With Jewish day school graduates like Sophia Levin. She knew how to stand up tall and proud as a Jew even hours after a deadly attack on Jews for being Jewish in her neighborhood. She and her friends knew that this was a historic moment. She and her friends also knew how to create a Jewish memorial moment, how to tie it to Shabbat, and how to offer comfort and build community through the rituals and prayers that provide structure and help us know what to say when we are inarticulate with grief.

How do we fight antisemitism?

By meeting antisemites or silenced allies where they are—in one case, the national highways. That is what JewBelong has launched in a pink billboard campaign to combat antisemitism. There are currently six digital billboards up in various U.S. cities with five slogans and the hashtag #EndJewHate.

My favorite is: “I promise to love being Jewish 10x more than anyone hates me for it.”

How do we fight antisemitism?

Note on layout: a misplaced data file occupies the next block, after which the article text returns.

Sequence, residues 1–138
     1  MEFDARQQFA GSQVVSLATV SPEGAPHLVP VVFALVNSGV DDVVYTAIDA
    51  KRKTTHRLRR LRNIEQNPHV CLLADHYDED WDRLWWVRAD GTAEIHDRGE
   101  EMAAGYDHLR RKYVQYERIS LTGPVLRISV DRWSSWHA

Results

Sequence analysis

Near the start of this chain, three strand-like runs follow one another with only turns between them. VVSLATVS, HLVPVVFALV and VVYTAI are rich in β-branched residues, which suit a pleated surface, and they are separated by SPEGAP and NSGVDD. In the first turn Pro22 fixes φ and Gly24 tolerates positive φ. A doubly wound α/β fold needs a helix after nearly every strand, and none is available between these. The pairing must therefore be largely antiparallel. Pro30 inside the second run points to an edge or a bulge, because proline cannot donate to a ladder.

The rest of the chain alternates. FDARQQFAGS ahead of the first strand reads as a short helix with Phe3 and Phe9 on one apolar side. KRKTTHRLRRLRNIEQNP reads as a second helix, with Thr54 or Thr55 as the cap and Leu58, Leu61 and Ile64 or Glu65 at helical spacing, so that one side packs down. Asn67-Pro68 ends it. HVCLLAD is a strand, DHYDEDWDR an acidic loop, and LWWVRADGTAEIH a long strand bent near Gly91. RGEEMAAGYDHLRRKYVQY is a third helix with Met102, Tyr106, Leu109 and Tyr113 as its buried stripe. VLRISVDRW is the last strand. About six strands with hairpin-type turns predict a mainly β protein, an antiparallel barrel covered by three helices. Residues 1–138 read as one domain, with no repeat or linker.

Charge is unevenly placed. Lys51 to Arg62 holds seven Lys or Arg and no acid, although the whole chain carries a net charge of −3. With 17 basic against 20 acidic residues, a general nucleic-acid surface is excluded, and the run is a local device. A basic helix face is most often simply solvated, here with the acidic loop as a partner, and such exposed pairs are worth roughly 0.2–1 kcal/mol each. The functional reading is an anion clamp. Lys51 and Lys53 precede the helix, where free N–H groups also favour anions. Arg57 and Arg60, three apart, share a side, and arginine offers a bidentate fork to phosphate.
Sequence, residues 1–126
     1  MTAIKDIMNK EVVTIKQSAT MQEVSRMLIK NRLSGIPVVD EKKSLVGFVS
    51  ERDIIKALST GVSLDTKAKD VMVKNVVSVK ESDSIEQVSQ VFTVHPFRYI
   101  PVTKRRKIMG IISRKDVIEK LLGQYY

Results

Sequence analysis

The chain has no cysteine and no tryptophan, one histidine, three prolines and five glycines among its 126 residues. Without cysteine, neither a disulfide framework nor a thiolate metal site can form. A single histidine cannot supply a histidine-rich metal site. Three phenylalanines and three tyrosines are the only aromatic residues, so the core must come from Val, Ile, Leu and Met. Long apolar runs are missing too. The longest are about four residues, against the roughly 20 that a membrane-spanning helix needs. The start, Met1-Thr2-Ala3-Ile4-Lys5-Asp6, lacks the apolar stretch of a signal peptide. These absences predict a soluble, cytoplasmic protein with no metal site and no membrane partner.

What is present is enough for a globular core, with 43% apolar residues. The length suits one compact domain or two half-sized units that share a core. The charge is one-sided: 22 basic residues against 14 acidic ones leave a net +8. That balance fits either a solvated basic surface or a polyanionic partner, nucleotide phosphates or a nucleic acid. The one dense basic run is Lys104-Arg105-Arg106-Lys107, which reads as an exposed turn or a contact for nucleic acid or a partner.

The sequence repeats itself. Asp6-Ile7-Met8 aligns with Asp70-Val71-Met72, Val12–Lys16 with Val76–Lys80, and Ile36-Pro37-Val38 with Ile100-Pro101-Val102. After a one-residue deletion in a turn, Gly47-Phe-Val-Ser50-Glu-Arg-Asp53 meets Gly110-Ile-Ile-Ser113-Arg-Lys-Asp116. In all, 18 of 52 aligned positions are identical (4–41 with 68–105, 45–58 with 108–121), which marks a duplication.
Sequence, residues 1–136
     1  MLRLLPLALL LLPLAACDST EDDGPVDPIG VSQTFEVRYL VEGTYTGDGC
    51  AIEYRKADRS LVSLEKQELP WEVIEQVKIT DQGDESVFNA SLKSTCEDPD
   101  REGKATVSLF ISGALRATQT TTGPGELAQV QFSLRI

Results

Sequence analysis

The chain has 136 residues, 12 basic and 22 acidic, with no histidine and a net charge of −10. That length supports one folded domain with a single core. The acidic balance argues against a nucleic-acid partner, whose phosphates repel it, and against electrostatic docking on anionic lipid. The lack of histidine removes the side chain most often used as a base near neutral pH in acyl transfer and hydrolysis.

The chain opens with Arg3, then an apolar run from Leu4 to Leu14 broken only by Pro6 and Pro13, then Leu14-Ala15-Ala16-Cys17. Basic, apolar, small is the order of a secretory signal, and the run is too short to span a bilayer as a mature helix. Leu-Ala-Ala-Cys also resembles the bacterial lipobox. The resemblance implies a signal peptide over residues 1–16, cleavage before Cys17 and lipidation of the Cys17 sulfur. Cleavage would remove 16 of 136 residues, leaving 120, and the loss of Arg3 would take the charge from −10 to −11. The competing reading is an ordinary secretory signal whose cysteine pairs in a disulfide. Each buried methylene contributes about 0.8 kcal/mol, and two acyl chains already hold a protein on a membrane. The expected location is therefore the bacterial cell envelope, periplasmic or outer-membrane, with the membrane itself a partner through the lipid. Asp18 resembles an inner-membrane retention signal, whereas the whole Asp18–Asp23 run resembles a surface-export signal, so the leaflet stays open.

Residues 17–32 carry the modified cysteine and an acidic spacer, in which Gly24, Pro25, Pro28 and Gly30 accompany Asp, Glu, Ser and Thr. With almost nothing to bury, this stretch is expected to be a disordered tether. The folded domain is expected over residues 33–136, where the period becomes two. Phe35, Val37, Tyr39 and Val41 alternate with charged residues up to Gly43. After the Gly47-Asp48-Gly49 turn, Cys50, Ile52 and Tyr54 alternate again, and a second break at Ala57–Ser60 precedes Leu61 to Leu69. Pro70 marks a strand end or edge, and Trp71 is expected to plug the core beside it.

With facts. My son, Boaz Munro, a CDS alum and grandson of Holocaust survivors, is a student of the Holocaust and of history in general. He was terror-stricken by the silence of Jewish progressives when confronted with the antisemitic attacks against Jews in America in response to the May 2021 Israel-Gaza conflict. Their silence felt all too deafening, hearkening back to the Weimar Republic in Germany. He understood how Jews as a people were being conflated with the actions of the Israeli government and wrote a call to action that received nearly 8,000 “likes’’ and has been viewed almost 300,000 times.

Boaz challenged readers to give any other example of a time when progressives have declined to stand up for other victims of hate due to the actions of a foreign state to which they’re ethnically tied. Aiming to address the lack of historical awareness that leads to this silence, he’s also embarked on an ambitious 20-part Instagram series on “The Jews.” He has completed Chapters 1-10. I don’t know if he realized how ambitious this project was until after he started, but he is determined to take action by calling out inaction and confronting it with truth.

How do we fight antisemitism?